There are plenty of reasons that you’ve heard us beat the Shared Leadership drum over and over again: at this moment in time, it just makes sense. Organizational needs are increasingly complex. Leaders are under pressure to meet a broader array of expectations. And in many cases, organizations are recognizing that they cannot overburden leaders and expect to retain them in a competitive job market. So a shared model – where leaders can use their unique strengths to complement each other – is a strong solution for taking care of people and profits.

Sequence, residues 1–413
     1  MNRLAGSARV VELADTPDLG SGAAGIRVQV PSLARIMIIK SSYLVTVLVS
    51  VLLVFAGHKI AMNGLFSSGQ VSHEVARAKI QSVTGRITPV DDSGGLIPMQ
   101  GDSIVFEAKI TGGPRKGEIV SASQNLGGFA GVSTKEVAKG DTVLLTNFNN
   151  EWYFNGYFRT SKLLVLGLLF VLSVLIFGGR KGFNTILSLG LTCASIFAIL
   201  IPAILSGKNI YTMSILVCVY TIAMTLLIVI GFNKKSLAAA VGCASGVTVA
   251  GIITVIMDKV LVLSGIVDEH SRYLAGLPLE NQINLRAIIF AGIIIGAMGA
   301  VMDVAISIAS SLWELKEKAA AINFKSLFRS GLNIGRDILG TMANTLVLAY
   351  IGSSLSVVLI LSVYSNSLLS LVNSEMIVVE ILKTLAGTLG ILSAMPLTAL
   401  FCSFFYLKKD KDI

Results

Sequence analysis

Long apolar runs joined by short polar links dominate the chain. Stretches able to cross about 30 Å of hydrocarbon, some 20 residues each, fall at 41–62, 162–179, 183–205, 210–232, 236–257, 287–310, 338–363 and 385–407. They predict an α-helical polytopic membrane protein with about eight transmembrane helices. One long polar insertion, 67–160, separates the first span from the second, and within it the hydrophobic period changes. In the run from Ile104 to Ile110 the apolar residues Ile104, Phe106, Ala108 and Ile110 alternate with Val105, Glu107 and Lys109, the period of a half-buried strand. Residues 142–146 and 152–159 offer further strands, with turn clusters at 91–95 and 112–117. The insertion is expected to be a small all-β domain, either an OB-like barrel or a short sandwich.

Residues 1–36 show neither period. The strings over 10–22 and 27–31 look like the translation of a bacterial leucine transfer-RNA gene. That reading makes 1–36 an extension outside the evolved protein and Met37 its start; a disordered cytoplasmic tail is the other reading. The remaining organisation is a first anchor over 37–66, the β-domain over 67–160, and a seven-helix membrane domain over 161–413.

But we don’t need to rely on intuition alone – our research indicates that leaders who are stronger in shared leadership also show effectiveness in a number of areas. The study also shows that 1 in 4 leaders exhibit at least three shared leadership “blockers” – behavior patterns that may not be supportive of a shared leadership model.
In their recent article in Coaching Perspectives Magazine, MRG’s Maria Brown and David Ringwood explore this research and its implications, including suggestions for coaching to help break down these barriers.
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